My migraine attacks are so varied that we take a case-by-case approach. Sometimes I only need help getting my meds. Sometimes I need help to bed, with gathering my migraine supplies, or finishing up something I was in the middle of doing (which usually means having Hart put food away). Depending on how severe the attack is and if I can sit up, I either spend it alone or watching TV. If I can think clearly (which is rare), we play a game. Same goes for postdrome.
I’m looking forward to hearing your thoughts!
We’ve all wished we could place someone else in our migraine shoes so they can see what it’s really like to juggle the demands of the illness. 14 Days, a tabletop game, is attempting to do just that. In this two-person game, players try to manage their time and responsibilities in a two-week period never knowing when a migraine will strike. When a migraine hits, they then have to decide if it’s worth taking meds from a limited supply and what falls through the cracks.
14 Days is a narrative game. The Kickstarter description explains it as: “On migraine days, the other player will ask you a question about how migraines impacted your day. Something like, ‘Who felt let down by you today?’ ‘What promise did you make to yourself today?’ and ‘What new ‘cure’ did someone share with you today?'” Reading that description, I thought, A game that requires me think about how I let people down? No thanks, I already do that every day. But my gut reaction was overshadowed by the games tremendous potential for awareness-raising.
The game provides the chance to really talk about the difficulties of managing migraine (or many other chronic illnesses) and to let someone experience, to a small extent, the daily frustrations we face. Then it encourages players to talk about the impact of migraine and how we cope. In an interview I did with Hannah Shaffer, the game designer, she said that playtesting the game has helped her talk about migraine in ways she never could before.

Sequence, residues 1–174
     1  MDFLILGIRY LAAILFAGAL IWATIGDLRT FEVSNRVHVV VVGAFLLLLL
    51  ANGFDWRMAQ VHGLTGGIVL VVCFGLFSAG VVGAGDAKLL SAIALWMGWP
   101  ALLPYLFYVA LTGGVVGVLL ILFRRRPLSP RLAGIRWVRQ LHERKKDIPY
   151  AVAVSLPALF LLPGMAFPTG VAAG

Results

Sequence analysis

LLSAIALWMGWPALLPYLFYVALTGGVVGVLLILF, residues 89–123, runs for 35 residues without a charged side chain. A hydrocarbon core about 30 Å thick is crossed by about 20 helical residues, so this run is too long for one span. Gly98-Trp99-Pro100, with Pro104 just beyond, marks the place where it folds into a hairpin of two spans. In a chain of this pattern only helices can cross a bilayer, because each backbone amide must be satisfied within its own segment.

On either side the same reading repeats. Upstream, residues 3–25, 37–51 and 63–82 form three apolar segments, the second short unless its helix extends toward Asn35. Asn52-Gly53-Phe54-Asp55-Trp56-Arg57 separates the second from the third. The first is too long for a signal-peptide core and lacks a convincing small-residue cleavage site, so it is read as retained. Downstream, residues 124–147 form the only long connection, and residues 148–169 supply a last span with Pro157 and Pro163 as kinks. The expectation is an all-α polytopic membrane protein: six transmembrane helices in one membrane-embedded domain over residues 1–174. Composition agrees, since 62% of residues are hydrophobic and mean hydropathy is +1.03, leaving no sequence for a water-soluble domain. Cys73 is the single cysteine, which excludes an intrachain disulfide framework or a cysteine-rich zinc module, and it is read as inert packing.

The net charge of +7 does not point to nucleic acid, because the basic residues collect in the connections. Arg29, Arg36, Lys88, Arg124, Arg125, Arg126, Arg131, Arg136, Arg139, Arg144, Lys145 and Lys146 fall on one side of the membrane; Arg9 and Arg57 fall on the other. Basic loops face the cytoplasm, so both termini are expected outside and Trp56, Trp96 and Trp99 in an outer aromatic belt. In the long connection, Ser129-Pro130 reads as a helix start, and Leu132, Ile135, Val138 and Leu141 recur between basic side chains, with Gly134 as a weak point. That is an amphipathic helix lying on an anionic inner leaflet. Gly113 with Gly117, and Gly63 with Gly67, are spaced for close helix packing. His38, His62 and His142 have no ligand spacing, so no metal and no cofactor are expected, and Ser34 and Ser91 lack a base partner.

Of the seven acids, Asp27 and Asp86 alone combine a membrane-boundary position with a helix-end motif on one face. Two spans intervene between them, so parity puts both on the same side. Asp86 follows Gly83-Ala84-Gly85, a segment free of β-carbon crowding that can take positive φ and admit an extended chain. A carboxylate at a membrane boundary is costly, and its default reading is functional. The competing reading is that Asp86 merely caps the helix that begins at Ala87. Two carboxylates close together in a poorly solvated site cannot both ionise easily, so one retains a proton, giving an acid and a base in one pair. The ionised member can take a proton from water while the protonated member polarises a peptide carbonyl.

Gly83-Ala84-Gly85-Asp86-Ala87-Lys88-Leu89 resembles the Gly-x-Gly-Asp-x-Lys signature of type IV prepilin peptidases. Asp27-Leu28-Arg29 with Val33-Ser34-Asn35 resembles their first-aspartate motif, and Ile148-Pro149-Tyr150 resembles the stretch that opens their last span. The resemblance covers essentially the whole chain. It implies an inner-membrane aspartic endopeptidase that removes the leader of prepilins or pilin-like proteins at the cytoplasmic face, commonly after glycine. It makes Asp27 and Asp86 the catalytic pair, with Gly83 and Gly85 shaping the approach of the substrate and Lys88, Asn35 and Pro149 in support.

All that and the game looks like it will be fun, the artwork is gorgeous, and it helps support another person with migraine who is doing great work to raise awareness.
Learn more about the game and hear more from Hannah in my writeup on Migraine.com: Putting Others in Your Migraine Shoes… With a Game. The Kickstarter campaign for 14 Days runs through July 28—just four more days. Pledging $8 will get you a PDF copy of the game when it is released; $25 will get you a full boxed version. With 259 backers, Hannah and her team have met their initial goal; now their stretch goals are within reach. Even if supporting the game isn’t in your budget right now, it’s worth taking a look at this creative approach to raising awareness about the impact of migraine.
Chronic Marriage is a fabulous blog on chronic illness and marriage that I’ve just stumbled upon. The blogger, Helena Madsen, not only discusses issues that relationships face when one partner has a chronic illness, but gives concrete suggestions for coping with them. Some that have caught my eye:
The posts are directed toward married heterosexual women, but much of the advice seems like it could be applicable to all romantic relationships. I highly recommend check out this blog!